A few weeks ago, I ventured off to Ottawa to meet with Dr. Sue Johnson. The acclaimed psychologist and relationship coach has written extensively on the empathic nature of the human species, and how love is one of our basic primal needs, all very much core themes of Avatar Secrets.
We talked about vulnerability and strength, community and connection.
Somehow, as I worked my way through a stack of questions and my highlighted dog-eared copy of her book, we started talking about falling in love.
Well, not actually about falling in love. We talked about how we talk about falling in love.
It hit a nerve.
You see, it’s something I’d caught myself thinking about back when I was going through my journey in the game.
In Chapter 6 of Avatar Secrets, the voiceover goes something like this:
I don’t know if I tripped, or got too close to the edge.
I tumbled off the side of the mountain and started plummeting, in free fall, through the air, grasping at branches, leaves, anything to soften the blow.
I landed on the ground with an echoing thud, and my health meter crashed. I’d fallen.
Isn’t it something, that this is how we speak of love? Falling in love? Falling, hard and fast. Falling, head over heels.
Looking around, I realized, I had no idea where I was. I was alone, in totally new terrain.
There’s always a moment after you’ve fallen, where you don’t know if that other person’s going to be there.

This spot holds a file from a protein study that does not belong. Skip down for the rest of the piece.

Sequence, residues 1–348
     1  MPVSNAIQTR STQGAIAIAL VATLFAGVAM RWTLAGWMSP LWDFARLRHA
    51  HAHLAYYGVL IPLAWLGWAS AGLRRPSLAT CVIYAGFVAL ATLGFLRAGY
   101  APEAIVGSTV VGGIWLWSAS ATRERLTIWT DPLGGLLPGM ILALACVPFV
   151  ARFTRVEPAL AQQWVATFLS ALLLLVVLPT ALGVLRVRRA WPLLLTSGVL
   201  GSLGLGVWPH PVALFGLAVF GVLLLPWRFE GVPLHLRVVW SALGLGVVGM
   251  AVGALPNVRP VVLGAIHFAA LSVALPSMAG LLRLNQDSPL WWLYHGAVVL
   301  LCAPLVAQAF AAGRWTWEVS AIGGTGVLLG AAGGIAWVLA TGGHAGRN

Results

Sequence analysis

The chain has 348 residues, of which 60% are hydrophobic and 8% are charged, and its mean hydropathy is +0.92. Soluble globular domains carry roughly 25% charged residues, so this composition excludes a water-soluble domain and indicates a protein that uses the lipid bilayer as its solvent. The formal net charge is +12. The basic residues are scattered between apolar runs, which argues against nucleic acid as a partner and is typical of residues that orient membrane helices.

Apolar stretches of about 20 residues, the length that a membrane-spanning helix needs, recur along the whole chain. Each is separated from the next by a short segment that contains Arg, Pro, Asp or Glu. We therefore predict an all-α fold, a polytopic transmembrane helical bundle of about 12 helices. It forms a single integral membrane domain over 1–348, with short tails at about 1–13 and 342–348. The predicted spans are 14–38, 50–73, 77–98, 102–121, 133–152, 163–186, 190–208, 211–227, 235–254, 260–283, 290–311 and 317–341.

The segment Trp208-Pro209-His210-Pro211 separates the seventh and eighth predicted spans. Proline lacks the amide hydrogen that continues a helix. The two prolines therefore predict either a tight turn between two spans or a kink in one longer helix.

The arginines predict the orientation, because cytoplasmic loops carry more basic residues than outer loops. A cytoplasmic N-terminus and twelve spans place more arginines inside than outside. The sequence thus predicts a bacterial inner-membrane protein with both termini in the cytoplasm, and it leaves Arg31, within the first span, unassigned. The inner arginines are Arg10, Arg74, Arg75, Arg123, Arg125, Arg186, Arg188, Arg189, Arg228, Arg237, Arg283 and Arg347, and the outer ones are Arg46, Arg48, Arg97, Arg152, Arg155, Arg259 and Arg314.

This is the aftermath of falling head over heels. Literally.
We talk about falling in love not as something that is safe and protective. We talk about it as something dangerous and uncontrollable.
The image of “falling in love” conjures broken bones and broken hearts, as we lose control, or give up control, and tumble, grasping for any semblance of safety.
Here’s what Dr. Johnson had to say: “It’s interesting that we talk about love like it happens to us and we don’t do it. It happens to us, we fall in, we fall out and it’s like there is this incredible attraction, it is very mysterious nobody knows about it, it sort of hits you in the head and there is nothing you can do about it. To love is to be vulnerable, to risk, it is to open yourself up to somebody and obviously we know, they can hurt us.”
Dangerous as that sounds, Johnson adds, “Accepting your vulnerability, and knowing how to cope with it, is the opposite of being weak.”
Is there a correlation between our relationship with vulnerability, and how we approach love?
We’re afraid of being hurt, so we speak of falling, as if it’s all out of our control (and maybe we feel destined for a crash landing?).
But what if we were brave enough to jump?
What if we could fly without falling?